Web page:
Boiler may be key to opening Boys & Girls club

Jun 28 2013 - 9:57pm

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FARMINGTON -- A reclaimed boiler from the old Wasatch Elementary School may be the key link in helping start a Boys & Girls Club in Layton.

The boiler resolves a key stalling point in making the armory at Central Davis Junior High School available for club activities. After negotiations that have gone on for almost a year, the issue of maintenance of the facility became the big hang-up, with replacement of the boiler as the single biggest obstacle.

Chris Williams, a spokesman for the Davis School District, said Christine Thomas, rental coordinator for the district, recently met with club officials and reached an agreement to use the armory. Williams said the district and the city will split the cost of installing the reclaimed boiler.

Val Stratford, head of the Layton Community Action Council, has actively tried to get a club started in Layton for more than a decade and thought he was close last summer, before negotiations broke down between the city and district.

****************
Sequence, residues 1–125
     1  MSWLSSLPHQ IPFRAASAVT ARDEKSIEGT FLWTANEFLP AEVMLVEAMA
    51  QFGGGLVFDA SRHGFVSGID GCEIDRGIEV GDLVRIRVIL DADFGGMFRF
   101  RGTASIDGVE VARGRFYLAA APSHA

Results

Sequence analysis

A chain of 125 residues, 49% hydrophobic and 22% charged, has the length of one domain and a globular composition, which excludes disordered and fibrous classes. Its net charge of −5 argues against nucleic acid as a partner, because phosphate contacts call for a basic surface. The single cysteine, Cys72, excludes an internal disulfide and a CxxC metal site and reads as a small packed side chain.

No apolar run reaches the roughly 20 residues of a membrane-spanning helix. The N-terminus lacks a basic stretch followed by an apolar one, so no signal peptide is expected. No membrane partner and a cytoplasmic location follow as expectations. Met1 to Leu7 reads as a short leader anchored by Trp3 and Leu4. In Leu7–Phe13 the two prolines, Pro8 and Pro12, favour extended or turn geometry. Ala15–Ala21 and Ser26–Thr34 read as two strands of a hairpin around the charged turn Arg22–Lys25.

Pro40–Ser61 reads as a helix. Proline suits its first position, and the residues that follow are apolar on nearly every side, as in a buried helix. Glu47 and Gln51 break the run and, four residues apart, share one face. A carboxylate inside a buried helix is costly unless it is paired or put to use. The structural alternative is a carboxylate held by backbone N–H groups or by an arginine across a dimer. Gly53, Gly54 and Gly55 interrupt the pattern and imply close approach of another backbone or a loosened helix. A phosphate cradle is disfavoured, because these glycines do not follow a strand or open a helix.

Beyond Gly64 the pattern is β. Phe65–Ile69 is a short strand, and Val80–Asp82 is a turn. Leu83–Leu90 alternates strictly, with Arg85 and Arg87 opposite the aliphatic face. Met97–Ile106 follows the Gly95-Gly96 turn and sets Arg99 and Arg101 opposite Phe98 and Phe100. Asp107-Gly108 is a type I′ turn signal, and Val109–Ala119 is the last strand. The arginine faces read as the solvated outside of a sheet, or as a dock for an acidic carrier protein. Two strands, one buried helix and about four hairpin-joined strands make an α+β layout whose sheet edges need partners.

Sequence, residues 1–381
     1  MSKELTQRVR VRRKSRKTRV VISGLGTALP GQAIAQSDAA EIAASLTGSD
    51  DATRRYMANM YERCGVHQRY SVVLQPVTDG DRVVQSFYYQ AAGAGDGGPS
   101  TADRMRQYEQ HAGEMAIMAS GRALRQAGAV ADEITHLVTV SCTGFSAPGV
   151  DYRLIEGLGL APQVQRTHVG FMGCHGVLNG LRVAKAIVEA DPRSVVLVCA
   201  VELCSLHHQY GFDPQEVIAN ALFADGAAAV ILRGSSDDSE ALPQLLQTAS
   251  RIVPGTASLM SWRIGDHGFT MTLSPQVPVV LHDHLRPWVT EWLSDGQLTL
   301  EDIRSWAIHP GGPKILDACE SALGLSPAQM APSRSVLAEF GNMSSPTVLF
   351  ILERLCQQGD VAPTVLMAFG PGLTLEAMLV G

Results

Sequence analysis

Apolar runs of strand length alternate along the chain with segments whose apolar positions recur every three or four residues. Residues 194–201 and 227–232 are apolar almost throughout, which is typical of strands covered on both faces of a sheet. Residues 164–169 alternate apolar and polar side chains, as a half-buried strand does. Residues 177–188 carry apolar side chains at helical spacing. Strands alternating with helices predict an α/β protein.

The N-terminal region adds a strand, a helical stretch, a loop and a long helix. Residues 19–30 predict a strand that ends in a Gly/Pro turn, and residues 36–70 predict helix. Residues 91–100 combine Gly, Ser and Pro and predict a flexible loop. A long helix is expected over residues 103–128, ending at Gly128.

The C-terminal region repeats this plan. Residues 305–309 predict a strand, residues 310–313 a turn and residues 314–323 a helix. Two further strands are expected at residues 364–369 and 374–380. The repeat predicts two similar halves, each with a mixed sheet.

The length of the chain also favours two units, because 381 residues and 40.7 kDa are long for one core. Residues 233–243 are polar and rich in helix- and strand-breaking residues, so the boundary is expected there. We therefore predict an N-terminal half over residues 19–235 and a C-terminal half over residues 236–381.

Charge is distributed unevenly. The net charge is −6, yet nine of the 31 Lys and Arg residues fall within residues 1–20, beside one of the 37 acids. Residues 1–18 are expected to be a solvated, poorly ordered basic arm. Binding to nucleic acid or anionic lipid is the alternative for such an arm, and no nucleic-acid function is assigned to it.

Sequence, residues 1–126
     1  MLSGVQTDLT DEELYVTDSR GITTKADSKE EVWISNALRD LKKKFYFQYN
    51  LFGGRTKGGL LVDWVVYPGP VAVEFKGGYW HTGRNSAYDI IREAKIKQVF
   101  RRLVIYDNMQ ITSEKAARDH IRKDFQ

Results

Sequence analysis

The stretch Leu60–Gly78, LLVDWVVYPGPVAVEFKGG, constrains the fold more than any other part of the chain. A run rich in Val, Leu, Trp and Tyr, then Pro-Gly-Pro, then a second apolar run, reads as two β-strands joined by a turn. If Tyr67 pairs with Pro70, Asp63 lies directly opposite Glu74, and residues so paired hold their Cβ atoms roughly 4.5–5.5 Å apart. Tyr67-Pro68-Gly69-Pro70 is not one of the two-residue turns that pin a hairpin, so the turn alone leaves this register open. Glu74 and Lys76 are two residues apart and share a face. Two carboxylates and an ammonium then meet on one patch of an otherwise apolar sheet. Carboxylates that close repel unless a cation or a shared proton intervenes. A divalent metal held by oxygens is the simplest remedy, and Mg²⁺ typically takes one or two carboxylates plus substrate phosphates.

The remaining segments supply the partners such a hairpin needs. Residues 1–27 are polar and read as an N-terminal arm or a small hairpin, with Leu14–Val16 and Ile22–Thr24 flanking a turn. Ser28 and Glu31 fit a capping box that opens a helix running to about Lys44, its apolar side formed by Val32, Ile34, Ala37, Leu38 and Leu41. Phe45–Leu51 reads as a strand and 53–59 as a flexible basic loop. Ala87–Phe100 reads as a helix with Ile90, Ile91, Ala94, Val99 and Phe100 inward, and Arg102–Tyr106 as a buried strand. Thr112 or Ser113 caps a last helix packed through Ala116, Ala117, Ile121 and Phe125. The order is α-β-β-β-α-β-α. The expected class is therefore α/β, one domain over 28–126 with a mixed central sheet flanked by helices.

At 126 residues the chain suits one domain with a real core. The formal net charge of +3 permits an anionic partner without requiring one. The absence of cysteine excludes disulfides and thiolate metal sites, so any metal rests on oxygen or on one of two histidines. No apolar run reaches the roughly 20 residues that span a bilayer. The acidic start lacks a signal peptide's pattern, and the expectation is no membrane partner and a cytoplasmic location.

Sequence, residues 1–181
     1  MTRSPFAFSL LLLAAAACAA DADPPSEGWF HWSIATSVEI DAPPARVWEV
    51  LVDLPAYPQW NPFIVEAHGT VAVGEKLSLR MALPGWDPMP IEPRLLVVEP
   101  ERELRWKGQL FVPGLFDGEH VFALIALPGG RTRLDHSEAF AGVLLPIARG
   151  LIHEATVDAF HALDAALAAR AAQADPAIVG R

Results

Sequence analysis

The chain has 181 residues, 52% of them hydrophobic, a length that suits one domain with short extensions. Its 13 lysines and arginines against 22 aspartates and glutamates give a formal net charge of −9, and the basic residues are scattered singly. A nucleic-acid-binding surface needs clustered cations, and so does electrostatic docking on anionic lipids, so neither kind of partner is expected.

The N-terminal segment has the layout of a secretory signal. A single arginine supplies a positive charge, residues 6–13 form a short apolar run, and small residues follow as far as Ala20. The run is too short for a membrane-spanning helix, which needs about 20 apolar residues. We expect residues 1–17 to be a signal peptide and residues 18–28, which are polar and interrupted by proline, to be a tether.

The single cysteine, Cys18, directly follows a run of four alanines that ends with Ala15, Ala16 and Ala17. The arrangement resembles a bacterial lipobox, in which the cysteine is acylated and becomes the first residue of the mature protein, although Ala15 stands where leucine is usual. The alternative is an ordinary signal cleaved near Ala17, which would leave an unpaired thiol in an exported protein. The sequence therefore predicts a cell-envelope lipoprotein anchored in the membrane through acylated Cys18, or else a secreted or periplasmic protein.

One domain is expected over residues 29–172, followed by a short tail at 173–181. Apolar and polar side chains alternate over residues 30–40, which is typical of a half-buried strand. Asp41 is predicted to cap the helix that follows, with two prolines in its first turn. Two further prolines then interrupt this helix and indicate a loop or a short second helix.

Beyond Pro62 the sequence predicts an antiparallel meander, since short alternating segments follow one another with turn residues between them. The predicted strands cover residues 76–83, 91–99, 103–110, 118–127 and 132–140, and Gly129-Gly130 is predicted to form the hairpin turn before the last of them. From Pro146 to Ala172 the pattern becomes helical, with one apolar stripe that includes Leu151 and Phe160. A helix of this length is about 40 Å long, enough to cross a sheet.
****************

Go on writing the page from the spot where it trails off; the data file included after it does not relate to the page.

The city rents the building from the district, but club organizers have reached an agreement independent of the city to use the facility, said Gary Crane, city attorney.   

The club is expected to use the facility for several hours before the city has use of the facility. 

In his effort to get a chapter up and running in Davis County's largest city, Stratford has struggled with more than just a place to meet.

The local organizer estimates it will take $100,000 in operational funds to offer programming to youths after school.  He said he has been in a fundraising mode for most of the year in hopes of cobbling together support for the initiative. He wants to offer programming for up to 100 kids as part of a club setup.

There is a chapter of the club in Clearfield, which Stratford had a hand in helping initiate several years ago. 

Boys & Girls Clubs of America are based in Atlanta. The clubs offer programs that include character and leadership development; educational and career development; health and life skills; the arts; sports, fitness and recreation; and other programs aimed at diversity and prevention.

Forming a local club is an outgrowth of the Communities That Care initiative. The CTC objectives have been embraced as part of the Layton City Council objectives.

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